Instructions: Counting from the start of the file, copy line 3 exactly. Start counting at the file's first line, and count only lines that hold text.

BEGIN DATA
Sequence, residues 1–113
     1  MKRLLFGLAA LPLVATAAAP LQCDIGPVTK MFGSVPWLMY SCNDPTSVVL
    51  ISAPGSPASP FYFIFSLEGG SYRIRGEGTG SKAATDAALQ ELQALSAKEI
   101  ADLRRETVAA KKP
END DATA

    51  ISAPGSPASP FYFIFSLEGG SYRIRGEGTG SKAATDAALQ ELQALSAKEI